Picture this, you are in a committed relationship.
Once in a while you hang out with your man's friends, you get along with them and believe they are your friends.
Unfortunately, you break up. Then one day you walk into a bar and see him with a new woman and his friends are treating her the way they used to treat you.
Shemeji, a Kiswahili word meaning in-law, is a name that is supposed to be used by a man's relatives for the wife. However, the 'boys club' officially took over this name and decided to christen every woman in their boy's life 'shemeji'.
When your man's boys call you shemeji, you will be forgiven for thinking you are the one and only. The boys will even tell you they have never seen their friend so happy, that you complete him. Again, you will be forgiven for thinking that you were brought into this world to be his life partner. I mean even his boys approve, right? Wrong.
Your man's boys will use that name on any woman he introduces them to and might be a potential "lay".
Journalist Rosebella Ototo says that in her previous relationship, her name changed to shemeji.
"His boys would call me shemeji, even now when we bump into each other they still call me that and they know he is with someone else," she says, laughing.
Rosebella also believes that they use "shemeji" when they cannot remember your name.
"To avoid the awkward moment of calling you by another woman's name, they will call you shemeji, because they know their boy has a number of women," she says.
Rosebella adds that the boys calling her shemeji have also tried to eat what their friend used to eat.
"They have hit on me several times, sometimes I pretend not to notice. They would make comments, or ask me to dance, they are just curious about what their friend has or used to have," she says.
Rosebella says your man should also not be close to your girlfriends, boundaries must be respected. She also advises women to focus on making money.
"Soko ni chafu, just make money, and be comfortable first. I still believe in love but wueeh!" she adds.
Men have friendship etiquette or rules among themselves that must be followed to the letter.
Speaking with five men on what are some of the bro code rules, a rule that got most votes both in the provincial and final tally was "Bros before hoes" (no woman should come between you); followed closely by, always have your bro's back; then coming strongly at position three is not sharing women, as they commonly refer to it as zero grazing.
Alex Omondi, an accountant in Nairobi, says he and his boys have a code of never sharing current women and exes.
"Sharing women in our crew is like incest, the moment one of the boys says he is dating a girl or has smashed her, we keep off. We just call her shemeji and move on," he says.
Alex says another code is, a friend should not meet or call your girl without your knowledge.
"Imagine if I were to walk into a coffee shop and bump into them on a date. I will definitely think they are having an affair," he says, adding that in his crew they believe that a woman can never come between them.
"We always joke and say, just fool around but you know we are the ones who will carry your casket. We have our fights and reconcile but a woman has never come between us. Because women come and go but our relationship is more than friendship, we are brothers."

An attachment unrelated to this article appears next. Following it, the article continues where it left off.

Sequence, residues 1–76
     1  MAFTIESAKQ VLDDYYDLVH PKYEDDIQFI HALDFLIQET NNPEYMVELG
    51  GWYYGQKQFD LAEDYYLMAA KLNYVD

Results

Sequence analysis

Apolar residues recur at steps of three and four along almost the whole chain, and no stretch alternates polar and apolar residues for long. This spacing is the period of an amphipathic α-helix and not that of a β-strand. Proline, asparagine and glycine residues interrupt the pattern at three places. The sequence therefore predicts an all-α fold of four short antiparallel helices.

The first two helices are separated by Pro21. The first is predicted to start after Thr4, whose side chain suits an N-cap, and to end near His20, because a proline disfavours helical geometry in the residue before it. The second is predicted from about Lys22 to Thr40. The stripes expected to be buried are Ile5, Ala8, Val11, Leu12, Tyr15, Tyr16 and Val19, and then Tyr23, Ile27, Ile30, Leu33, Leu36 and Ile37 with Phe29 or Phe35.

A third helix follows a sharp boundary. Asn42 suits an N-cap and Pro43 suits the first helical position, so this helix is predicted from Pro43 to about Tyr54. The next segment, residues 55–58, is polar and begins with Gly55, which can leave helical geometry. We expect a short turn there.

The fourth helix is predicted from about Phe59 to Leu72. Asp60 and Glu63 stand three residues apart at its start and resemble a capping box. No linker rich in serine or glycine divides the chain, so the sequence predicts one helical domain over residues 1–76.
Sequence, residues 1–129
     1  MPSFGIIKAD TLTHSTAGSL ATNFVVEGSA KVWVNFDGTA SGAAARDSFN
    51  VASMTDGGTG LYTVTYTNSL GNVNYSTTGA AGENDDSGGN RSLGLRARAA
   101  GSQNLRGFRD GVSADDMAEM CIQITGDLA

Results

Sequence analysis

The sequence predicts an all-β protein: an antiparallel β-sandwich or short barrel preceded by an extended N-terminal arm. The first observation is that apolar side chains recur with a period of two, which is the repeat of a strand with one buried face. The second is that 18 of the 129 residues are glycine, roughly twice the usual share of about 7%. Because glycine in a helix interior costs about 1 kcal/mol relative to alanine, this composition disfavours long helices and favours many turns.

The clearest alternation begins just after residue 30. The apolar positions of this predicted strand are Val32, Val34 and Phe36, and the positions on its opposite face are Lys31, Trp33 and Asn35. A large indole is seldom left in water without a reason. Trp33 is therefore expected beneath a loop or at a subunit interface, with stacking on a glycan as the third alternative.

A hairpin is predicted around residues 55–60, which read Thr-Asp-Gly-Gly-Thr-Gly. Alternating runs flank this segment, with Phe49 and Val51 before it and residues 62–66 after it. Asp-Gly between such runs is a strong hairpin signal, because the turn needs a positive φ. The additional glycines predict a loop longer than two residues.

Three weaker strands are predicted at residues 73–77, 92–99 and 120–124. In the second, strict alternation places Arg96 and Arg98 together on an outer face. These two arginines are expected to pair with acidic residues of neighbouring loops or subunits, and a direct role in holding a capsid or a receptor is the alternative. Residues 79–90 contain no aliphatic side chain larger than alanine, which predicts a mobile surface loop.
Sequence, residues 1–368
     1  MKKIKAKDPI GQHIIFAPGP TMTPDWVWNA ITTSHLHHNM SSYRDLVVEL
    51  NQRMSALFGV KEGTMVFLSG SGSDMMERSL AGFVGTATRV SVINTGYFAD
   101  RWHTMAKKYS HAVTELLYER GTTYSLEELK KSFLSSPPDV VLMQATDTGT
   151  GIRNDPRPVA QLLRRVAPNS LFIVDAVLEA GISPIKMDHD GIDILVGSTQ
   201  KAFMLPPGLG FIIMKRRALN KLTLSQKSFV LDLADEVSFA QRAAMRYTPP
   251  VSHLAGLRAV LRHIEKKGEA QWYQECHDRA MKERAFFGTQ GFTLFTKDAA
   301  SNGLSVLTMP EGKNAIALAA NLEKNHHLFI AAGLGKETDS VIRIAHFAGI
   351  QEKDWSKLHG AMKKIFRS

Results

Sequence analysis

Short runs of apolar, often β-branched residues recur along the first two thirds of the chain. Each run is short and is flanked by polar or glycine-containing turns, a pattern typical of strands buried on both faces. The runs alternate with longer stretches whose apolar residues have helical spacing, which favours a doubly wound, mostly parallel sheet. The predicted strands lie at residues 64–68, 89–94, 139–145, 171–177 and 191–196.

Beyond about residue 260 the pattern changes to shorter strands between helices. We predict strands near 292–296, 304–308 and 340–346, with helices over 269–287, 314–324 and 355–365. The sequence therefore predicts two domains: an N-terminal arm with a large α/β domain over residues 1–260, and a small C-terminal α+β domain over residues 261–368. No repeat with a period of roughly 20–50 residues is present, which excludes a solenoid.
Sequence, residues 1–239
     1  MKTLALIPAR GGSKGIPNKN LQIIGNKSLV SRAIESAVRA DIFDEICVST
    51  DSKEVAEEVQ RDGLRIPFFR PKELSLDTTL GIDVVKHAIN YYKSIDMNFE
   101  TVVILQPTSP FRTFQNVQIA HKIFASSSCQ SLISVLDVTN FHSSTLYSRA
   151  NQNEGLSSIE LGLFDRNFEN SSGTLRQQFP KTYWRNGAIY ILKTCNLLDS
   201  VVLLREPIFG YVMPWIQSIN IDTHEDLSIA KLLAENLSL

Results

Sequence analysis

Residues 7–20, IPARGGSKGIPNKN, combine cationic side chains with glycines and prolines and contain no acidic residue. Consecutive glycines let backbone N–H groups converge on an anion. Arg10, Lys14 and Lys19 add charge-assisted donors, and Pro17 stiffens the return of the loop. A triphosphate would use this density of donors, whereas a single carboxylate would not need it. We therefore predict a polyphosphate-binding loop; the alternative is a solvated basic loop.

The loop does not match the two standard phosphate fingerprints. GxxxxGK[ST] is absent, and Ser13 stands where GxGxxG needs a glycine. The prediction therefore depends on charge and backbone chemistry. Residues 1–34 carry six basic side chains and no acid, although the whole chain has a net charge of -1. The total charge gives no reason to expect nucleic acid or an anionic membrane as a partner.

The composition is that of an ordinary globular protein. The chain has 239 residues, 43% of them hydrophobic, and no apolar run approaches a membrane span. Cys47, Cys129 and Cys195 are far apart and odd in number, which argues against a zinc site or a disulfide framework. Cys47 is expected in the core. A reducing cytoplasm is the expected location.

His sentiments are echoed by Felix Wairimu, an entertainment agent, who says the bond between him and his boys is strong, and even when one is cheating they never tell.
"If we know one of the boys is cheating, we keep it to ourselves. There are things we cannot talk about when the wife or the main chick is around," he says.
However, Felix says that in his crew, they can share women if it's not the main woman.
"First a photo is always shared amongst us, just to make sure nobody knows her. In case one has smashed her, he has to reveal that and the other will decide whether to smash or not," he says.
Felix adds that another code is not smashing a friend's sister.
This code is not only embraced by elderly men but also younger ones. Maxwell Kiptoo, 21, remembers a time a friend's girlfriend tried making pass at him.
"She was having trouble with my boy, so she came to my hostel room complaining. Then she started touching me inappropriately. I was very tempted but I left," he says.
As it is obvious that boys' clubs discourage zero grazing, there are some who do not mind sharing.
Magdalena Achieng', a salesperson in Embakasi, Nairobi, says her boyfriend's friend made a pass at her.
"We would hang out together and sometimes he would even come for a sleepover at my boyfriend's house while I was there. We were that close. Then he started making sexual comments, he would see me in shorts and say something like 'nice thighs' or 'nice cleavage'," she says.
Magdalena says at first she ignored the comments until they escalated to WhatsApp texts.
"I would post a photo on WhatsApp status and he would still make sexual comments. I took screenshots and showed my boyfriend. I don't know how the confrontation was but their friendship was bruised and I hardly see him," she says.
Martha Wangari, 57-year-old retired teacher in Nairobi, recalls when her husband's friend invited her to his house to pick up a package from work, but the friend was planning to offer another "package".
Her husband was working out of town, it was normal for him to send packages for her through the work post office, and his friend would always bring them home.
"So it was weird when he told me to go to his house to pick it, he lived alone, his wife and children were upcountry. I went and I found him in a t-shirt and a towel. He claimed he had stained his shorts that is why he was in a towel," she says.
He tried to lure her into the bedroom, but she stormed out.
"I told my husband and he was furious, he confronted him, of course he denied. But my husband believed me because he knows I would never do that to him," says Martha.